Many are now beginning to plan for summer holidays and wish to bear in mind where and when the dry intervals may arrive, to avoid the disappointment of finding themselves and their families holidaying in unsettled weather.
This summer we should get the usual mix of long dry spells, heatwaves, and storms that lead to localised flooding. But this time temperatures may soar higher at times than we have seen in recent years.
Within a week of the middle of December it could get very hot in Canterbury, tinder dry in Waipa and Waikato, and fire bans are likely before Christmas in Coromandel and the King Country.
December should dry up considerably and despite isolated showers in some places, it may be looked back upon as a rather delightful summer month. In the second and third week in December, Christchurch temperatures may climb into the early 30s.
January is likely to be remembered as often dry and sunny with heat waves, and little rain except for some around the 19th and 28th for both islands. In the first 10 days of January Auckland may go over 25C.
February becomes wetter in the second and third weeks for the North Island but the second half of the month is dry in the South, and March sees wet periods with heavy rains that are likely to bring floods.
Localised flooding is possible in the middle of January, in the west and north of the South Island in the first week of February, in Northland around 20th February, in central NZ after rain in the first week of March, and in the west of both islands around the fourth week in March.
The cyclone season should be light and late, with a number of threats that turn to fizzers. At the end of January the Pacific Islands to our north receive a possible battering. Around mid March a system may brush the north of NZ but with minimal impact, and another system threatens us in the last week of March.
As for when to take holidays, between 21st of November and 19th of January Auckland may have only about 5 rain days, with the 4th-22nd of December possibly the longest dry spell, followed by another between the 4th-18th of January. Most of the week around January changing to February should also be mostly dry in the south, likewise the last week in February.
Wellington has only about 3 or 4 rain days throughout December, then a dry week from 20th of January, and a mostly dry second half of February.
Christchurch is mainly dry for the first half of November, then perhaps receives no more than 6 serious rain days between 19th of November to the end of 2012, with 5 of those rain days in December, followed by mostly dry second halves of both January and February.
Dunedin also gets a dry first half of November and most of the second half of December, with temperatures possibly over 30C about a week before Xmas; then the last 10 days of February may be fine and dry.
The far south may get up to 28C in the second weeks of both January and February, with only about 3 or 4 rain days between mid January to the second week in March.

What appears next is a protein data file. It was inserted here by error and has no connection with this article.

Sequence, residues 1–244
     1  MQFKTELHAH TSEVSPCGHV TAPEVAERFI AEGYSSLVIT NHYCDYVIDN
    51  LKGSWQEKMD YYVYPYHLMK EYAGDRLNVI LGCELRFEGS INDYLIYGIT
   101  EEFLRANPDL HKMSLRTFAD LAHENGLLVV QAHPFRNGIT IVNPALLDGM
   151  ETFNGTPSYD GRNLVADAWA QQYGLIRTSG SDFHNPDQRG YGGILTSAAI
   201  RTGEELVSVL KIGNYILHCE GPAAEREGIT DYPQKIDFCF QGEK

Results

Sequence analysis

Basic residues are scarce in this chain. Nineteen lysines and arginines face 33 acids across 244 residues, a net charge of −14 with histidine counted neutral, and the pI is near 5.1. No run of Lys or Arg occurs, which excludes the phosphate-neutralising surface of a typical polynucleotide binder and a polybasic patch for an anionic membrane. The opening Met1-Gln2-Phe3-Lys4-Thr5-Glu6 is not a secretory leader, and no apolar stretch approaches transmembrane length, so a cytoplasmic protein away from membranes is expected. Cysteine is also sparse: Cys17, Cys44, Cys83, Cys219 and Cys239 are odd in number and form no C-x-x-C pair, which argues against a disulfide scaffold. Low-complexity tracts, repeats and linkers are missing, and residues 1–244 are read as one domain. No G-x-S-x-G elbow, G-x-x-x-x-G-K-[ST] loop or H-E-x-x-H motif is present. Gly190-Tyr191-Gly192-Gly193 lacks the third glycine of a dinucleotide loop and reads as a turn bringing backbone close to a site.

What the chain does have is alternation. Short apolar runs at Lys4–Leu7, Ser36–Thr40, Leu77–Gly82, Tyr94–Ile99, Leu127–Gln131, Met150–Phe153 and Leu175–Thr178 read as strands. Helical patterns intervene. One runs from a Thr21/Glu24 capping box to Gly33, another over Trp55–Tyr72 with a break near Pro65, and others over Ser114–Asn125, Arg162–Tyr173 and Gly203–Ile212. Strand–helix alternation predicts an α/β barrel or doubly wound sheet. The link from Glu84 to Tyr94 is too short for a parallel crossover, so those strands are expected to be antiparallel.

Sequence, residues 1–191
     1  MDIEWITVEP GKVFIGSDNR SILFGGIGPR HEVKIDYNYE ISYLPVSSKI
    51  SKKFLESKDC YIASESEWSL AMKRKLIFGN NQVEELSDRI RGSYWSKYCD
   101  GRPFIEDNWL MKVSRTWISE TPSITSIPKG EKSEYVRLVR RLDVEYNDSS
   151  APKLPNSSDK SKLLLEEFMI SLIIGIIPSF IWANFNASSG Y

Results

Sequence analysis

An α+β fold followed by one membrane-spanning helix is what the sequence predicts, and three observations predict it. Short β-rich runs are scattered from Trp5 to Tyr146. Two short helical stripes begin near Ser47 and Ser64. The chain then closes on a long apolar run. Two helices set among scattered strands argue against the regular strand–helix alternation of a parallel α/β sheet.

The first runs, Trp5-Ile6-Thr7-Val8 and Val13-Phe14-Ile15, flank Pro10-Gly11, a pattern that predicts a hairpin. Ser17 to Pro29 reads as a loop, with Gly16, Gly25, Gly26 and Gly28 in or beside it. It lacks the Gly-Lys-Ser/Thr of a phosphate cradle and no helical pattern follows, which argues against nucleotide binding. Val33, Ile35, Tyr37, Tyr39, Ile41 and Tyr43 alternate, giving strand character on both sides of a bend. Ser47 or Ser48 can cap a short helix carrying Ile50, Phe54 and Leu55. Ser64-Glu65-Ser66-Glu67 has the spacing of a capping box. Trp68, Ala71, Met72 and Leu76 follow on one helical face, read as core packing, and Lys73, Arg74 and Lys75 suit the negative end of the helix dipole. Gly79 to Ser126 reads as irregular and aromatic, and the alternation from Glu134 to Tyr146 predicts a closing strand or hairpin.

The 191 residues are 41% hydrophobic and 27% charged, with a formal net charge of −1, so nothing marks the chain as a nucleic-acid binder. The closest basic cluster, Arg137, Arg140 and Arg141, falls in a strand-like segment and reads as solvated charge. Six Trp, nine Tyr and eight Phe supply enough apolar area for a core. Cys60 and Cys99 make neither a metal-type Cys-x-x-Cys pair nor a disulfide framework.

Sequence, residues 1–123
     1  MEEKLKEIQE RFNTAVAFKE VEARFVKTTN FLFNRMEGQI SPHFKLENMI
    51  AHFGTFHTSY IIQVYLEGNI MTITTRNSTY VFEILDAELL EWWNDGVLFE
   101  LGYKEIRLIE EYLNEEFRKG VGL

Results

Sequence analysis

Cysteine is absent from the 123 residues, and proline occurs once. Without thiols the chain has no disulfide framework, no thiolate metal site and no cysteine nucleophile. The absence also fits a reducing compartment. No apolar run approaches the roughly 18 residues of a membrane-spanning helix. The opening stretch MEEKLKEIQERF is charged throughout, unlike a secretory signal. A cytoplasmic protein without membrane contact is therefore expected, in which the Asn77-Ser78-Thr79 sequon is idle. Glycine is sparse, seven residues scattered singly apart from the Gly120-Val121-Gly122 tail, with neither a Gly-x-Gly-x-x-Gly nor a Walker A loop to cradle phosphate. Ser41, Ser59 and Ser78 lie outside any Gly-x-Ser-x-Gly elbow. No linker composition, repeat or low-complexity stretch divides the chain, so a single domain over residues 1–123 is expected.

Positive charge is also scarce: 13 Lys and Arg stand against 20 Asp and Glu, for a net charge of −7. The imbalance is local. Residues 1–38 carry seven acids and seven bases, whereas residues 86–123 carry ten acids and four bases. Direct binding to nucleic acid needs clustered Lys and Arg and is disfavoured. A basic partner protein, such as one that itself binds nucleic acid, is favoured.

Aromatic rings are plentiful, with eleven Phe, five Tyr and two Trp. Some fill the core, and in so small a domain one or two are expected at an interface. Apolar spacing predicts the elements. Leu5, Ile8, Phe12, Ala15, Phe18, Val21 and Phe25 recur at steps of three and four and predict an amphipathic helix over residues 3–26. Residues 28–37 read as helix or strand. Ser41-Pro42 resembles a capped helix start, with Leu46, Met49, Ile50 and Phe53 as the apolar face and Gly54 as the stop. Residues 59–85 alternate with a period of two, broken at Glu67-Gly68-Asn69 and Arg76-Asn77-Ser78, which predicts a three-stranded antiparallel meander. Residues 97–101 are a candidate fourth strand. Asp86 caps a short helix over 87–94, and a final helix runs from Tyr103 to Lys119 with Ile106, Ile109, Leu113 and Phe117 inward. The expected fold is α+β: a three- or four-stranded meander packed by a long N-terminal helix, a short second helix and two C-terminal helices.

Compared with last year this coming summer should be averagely warmer for the North Island, but about the same for the South Island.
Days to avoid camping? In December a low affects the west 2nd-3rd, and some areas 5th -9th receive rain. The North Island is brushed by a low between 20th-23rd . The month is then mainly dry until a final low pressure system affects the upper North Island 29th-31st.
In January, fronts cross the country bringing unsettled weather around the 2nd-4th and the 6th, and more fronts combine with a low around the 10th. Other fronts sweep quickly through around the 13th, and the 17th-18th, and whilst the South Island may receive some showers in the last week of January the North Island stays mostly dry. At the end of January a cyclone forms directly north of NZ.
In February, expect low pressure systems around the 3rd, and 6th-8th, and the worst weather of the month (and possibly the whole season) in the form of a deep tropical low around the 13th-15th. Fronts pass through around the 19th-23rd but the rest of the month should stay mostly dry except for some showers in the far north.
March sees rain crossing the South Island about the 2nd-3rd, then mostly clear skies until fronts from the south meet a low from the north around the 11th-14th. Then fronts cross the south on the 16th and 18th-19th, and the last of the unsettled summer conditions affects the upper North Island around the 26th-29th.
Next year autumn temperatures are late in arriving, with April, May and June in 2013 warmer and wetter than in 2012. The 2013 winter may be warmer for the North Island than for 2012 and cooler for the South Island, and may arrive even later than it did this year.
Ken Ring of www.predictweather.com is the author of the Weather Almanac for NZ for 2013, published by Random House (NZ)